The "pay what you want" model at work

This model is also applied to the distro itself, with the website allowing you to pay a specific amount, or enter a custom one (0 being an option here as well). The elementary team says that this model have made them a lot more revenue than just asking for donations, and that’s probably because it’s not perceived in the same way. With elementary’s model, users are reminded that the specific piece of software they use has a cost for the developer. They invested work, time, and had the courage to put it online for it to be used, judged, bug-reported, and that deserves to be rewarded. A donation tends to convey a more “help if you can” message that simply doesn’t have the same impact.

A vision

And that’s what elementary brings, in the end: a vision of what a desktop environment can do on Linux. They don’t state it explicitly, but by using elementary OS, I tried to deduce a few things:

  • The desktop should be simple and easy to use

  • Options should be limited to important stuff, and every setting should not be exposed to the user

  • The desktop should be accessible to as many people as possible

  • Free software doesn’t mean gratis, although anyone should be able to use it, even those without the means to support the developers

  • Just because it’s always been done a certain way doesn’t mean it’s the best way

The second and last points are what stops some people using elementary, namely the lack of options, and the removal of features deemed necessary, especially the minimize button. I got some flak on Twitter recently for expressing my opinion that on elementary OS, a minimize button is useless, and I’d like to insist here as well.

Minimizing serves the single purpose of cleaning up your workspace to concentrate on a task. elementary OS has a fantastic workspace switcher and exposé view, and its guidelines state that an app should remember its previous state and open fast, so that closing it serves the same purpose as minimizing it.

I like the fact that the elementary team does not compromise their vision for the sake of keeping features users are used to, but don’t make sense for the workflow they propose. And I’ll go as far as saying that elementary is a distro that demands you learn its workflow, and not bring your own.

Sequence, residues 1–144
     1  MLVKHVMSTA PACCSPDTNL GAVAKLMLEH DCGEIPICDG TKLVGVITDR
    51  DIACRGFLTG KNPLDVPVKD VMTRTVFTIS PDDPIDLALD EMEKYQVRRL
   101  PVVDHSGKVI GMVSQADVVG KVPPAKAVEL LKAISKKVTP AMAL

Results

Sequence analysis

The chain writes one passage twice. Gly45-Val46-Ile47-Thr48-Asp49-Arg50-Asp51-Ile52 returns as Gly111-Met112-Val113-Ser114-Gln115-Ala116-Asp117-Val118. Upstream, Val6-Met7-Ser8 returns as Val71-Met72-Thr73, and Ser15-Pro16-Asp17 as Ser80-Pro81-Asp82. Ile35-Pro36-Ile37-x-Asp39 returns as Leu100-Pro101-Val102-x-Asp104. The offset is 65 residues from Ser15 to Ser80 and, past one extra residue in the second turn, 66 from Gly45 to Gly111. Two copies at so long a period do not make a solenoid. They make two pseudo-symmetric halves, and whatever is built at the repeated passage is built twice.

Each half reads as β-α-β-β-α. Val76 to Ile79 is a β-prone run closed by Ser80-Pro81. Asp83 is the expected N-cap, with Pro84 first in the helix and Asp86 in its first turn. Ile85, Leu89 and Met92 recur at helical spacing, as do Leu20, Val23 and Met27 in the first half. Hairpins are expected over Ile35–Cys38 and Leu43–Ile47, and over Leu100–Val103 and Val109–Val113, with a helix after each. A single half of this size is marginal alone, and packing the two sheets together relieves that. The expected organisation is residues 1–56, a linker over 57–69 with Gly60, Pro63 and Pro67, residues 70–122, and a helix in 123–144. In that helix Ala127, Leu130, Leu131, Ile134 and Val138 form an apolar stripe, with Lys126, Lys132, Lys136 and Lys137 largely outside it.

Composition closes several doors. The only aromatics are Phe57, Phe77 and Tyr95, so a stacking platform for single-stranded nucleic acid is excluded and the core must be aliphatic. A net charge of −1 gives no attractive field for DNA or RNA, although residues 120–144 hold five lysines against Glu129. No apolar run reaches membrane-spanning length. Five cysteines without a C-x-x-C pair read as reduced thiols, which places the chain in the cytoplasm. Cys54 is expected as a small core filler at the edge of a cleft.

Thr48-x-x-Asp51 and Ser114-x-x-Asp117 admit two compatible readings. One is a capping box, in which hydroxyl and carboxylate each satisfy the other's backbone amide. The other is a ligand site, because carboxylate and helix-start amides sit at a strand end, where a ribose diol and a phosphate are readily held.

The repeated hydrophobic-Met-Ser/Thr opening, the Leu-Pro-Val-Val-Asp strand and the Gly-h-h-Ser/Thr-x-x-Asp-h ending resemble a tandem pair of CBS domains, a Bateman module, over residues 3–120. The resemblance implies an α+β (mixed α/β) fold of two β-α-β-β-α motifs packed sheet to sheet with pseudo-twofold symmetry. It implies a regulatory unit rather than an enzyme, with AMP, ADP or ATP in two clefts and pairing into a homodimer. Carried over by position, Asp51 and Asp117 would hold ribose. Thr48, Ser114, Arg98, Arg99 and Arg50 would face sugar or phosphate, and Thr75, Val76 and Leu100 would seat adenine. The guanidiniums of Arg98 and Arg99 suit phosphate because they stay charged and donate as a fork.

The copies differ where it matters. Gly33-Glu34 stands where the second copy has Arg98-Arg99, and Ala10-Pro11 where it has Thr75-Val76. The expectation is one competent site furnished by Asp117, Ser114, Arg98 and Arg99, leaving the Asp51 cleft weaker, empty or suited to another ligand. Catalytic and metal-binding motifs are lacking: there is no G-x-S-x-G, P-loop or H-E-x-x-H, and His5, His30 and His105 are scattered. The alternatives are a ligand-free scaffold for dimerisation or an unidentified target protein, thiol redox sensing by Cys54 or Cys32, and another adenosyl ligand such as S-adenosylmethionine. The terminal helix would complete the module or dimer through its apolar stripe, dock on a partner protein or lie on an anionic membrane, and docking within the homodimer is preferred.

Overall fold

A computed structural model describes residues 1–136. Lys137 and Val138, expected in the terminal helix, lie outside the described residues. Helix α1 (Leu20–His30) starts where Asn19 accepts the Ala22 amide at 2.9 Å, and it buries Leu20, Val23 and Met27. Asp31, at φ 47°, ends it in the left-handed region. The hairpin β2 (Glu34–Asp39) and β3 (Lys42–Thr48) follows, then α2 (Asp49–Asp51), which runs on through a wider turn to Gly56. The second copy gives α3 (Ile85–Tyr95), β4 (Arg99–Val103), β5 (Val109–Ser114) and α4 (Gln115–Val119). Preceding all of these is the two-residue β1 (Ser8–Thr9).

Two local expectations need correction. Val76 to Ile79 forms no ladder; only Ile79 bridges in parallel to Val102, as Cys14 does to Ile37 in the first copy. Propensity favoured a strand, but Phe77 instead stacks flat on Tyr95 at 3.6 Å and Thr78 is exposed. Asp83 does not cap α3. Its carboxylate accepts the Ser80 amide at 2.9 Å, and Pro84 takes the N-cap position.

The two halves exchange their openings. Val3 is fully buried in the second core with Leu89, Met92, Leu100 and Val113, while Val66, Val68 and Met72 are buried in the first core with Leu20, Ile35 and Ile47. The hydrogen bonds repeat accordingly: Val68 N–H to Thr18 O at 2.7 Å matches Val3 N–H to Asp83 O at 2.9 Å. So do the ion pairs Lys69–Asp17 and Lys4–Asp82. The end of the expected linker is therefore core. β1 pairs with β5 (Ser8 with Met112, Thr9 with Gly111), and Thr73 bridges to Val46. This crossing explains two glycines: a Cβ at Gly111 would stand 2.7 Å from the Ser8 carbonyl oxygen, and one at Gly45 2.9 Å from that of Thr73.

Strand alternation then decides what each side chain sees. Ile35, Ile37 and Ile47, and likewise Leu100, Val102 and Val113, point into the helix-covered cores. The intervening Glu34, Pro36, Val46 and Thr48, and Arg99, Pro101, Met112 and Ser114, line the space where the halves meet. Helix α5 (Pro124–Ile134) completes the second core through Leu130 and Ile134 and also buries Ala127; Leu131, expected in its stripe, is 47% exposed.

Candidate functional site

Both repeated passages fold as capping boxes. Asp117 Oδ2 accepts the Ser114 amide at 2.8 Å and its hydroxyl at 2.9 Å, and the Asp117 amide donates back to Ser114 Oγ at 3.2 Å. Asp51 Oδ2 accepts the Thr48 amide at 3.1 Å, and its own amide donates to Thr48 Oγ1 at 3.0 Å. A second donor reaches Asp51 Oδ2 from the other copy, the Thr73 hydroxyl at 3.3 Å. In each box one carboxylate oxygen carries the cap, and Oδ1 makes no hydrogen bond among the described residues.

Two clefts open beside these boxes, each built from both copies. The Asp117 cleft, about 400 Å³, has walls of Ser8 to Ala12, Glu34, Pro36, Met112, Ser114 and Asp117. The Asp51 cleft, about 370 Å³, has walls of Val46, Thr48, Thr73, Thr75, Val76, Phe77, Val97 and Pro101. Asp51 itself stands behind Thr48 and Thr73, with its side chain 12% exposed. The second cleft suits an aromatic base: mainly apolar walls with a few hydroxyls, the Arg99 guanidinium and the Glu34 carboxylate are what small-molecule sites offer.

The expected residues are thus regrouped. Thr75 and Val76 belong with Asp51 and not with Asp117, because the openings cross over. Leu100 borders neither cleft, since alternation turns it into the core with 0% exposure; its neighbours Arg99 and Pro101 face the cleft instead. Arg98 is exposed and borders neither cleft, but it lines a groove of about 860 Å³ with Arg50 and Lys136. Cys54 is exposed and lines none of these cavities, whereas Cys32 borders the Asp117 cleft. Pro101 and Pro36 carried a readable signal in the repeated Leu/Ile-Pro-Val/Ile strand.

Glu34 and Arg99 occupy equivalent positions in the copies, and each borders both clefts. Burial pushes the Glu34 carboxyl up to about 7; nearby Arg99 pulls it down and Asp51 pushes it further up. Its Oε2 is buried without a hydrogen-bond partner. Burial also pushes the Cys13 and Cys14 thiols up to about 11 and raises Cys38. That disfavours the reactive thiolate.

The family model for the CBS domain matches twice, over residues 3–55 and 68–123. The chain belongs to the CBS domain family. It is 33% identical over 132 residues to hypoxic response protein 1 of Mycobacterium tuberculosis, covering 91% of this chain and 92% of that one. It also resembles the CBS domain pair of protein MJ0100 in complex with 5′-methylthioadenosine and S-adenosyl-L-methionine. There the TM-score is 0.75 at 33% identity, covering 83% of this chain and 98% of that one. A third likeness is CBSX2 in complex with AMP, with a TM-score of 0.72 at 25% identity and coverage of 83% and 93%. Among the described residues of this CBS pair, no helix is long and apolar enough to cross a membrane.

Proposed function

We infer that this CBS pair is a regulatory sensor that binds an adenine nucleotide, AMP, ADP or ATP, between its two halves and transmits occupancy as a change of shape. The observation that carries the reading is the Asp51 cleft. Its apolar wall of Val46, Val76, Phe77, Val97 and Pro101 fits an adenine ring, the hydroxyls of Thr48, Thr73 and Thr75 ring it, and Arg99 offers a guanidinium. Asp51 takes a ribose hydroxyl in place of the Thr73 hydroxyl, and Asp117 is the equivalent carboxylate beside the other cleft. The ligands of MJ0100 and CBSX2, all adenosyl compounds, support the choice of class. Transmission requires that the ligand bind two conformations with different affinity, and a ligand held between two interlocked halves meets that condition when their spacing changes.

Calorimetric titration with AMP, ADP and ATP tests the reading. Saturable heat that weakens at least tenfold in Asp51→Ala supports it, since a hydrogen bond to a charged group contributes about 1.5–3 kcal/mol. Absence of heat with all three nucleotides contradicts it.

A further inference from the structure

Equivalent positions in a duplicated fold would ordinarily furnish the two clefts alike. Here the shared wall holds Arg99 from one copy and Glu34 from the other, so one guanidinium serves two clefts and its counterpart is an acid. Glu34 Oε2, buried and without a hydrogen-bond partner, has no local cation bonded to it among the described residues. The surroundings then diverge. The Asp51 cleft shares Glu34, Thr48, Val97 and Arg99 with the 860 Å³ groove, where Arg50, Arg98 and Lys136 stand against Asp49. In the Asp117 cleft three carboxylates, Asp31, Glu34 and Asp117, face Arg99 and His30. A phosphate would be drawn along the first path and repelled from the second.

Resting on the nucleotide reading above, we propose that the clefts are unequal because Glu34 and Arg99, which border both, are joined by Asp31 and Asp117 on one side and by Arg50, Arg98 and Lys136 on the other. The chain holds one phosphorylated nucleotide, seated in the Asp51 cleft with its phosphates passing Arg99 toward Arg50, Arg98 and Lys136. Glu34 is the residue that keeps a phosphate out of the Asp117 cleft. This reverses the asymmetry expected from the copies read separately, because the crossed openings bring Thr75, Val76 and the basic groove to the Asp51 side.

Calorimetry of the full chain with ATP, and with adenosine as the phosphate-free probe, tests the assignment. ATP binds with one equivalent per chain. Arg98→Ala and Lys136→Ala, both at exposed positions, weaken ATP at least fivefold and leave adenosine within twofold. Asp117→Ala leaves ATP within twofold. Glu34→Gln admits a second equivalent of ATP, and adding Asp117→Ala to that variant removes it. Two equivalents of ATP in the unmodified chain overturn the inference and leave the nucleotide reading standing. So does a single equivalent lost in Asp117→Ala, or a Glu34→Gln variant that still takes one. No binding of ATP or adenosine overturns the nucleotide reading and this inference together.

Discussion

By default, pressing "super" will open a cheatsheet of keyboard shortcuts

These days, not many desktop environments bring a vision. Cinnamon has been created to bring back the good old days of GNOME 2, and improve on it, as did MATE, in a different way. KDE is a place where you can tweak everything. GNOME want to be as simple as possible. But these are design choices, not visions.

To me, elementary OS brings a way to use a computer that is both familiar and different, and it gives itself, developers, and users the means to make that vision happen, a place where anyone can pick up a Linux desktop, understand how it works and get used to it in a very small amount of time, as well as allowing developers to try and make a living out of that same Linux desktop. That vision is not fully realized yet, obviously.

The attention to detail, the keyboard shortcut cheat sheet, the onboarding experience, the absence of convoluted menus and of buttons on the window borders, and the help the AppCenter brings to make users better realize that free software demands as much work, if not more, as proprietary software, all this combined makes for a unique platform in the Linux Desktop world.

Try it, try to live within its constraints, and learn its workflow. If you don’t like it for what it is, that’s fine, not everyone needs to work the same way, but don’t quit just because it’s not what you’re used to, because that’s exactly why elementary OS is important. It rethinks things.